• Prospect Gabriel Flores Jr was the reason for the big crowd in Stockton, his hometown, and man did he deliver. Credit to opponent Eduardo Reis of Brazil, too; the underdog came to fight, gave it his best, and then got flat GOOMED with a left hook in the third round. Pure one punch KO magic, and the crowd — which for once was genuinely enthusiastic at a boxing show — went wild.
  • Jerwin Ancajas beat the hell out of Ryuichi Funai over six rounds, and then the doctor stopped it right after the start of the seventh. Ancajas had looked a little pedestrian in his last two, but they found the right sort of style matchup for him to shine here. Funai was just straight up, very basic, offered nothing for Ancajas to figure out, so Ancajas just attacked and laid into him the whole fight. Ancajas retained his IBF super flyweight title with the win.
  • The prelims weren’t much, but new Top Rank signing Brian Mendoza scored a thunderous KO of Carlos Rodriguez in what was probably the highlight. Felix Valera, Vislan Dalkhaev, Quilisto Madera, Blake McKernan, and Jesus Godinez got their hands raised.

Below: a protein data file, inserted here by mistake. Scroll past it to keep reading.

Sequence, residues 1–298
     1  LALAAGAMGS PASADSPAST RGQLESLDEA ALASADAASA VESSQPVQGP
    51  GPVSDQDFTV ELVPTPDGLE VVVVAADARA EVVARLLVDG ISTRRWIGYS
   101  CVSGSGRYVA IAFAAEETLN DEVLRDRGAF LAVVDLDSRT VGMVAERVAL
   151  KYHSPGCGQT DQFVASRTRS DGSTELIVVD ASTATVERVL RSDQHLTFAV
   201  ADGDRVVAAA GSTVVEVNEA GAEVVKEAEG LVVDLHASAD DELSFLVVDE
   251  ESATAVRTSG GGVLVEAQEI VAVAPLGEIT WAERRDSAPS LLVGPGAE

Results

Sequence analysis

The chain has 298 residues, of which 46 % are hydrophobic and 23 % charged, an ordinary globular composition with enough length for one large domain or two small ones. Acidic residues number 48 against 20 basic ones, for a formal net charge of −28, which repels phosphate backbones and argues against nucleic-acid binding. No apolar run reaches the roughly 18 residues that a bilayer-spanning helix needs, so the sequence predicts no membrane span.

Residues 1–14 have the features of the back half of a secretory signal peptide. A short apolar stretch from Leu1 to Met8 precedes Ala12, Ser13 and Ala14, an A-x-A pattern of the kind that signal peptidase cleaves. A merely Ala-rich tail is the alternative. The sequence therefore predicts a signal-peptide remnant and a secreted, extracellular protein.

Golden Boy, Las Vegas, NV (Thursday)

  • Christopher Pearson kicked off the weekend with an upset win over Yamaguchi Falcao in an entertaining 10-round main event on Facebook. Pearson, once a prospect for Golden Boy and Mayweather Promotions, came into this one having lost a couple fights, the clear B-side, doesn’t even have a promoter. But he ran Falcao out of gas and capitalized down the stretch to take the decision win, which he deserved. I’d suspect Golden Boy might give Pearson another look.
  • Steven Butler got off the canvas to take a decision over Vitalii Kopylenko. Butler is 23 and still a prospect, but he has been stopped once (by Brandon Cook) and showed vulnerability here. But he was fun to watch, too. Not everyone is gonna be elite, but I’ll watch this guy fight.
  • Erik Bazinyan, another Canadian prospect like Butler, stayed undefeated with a solid decision win over tough Alan Campa. Alexis Salazar, a middleweight undercard fighter, took an eight-round points win over Abraham Cordero.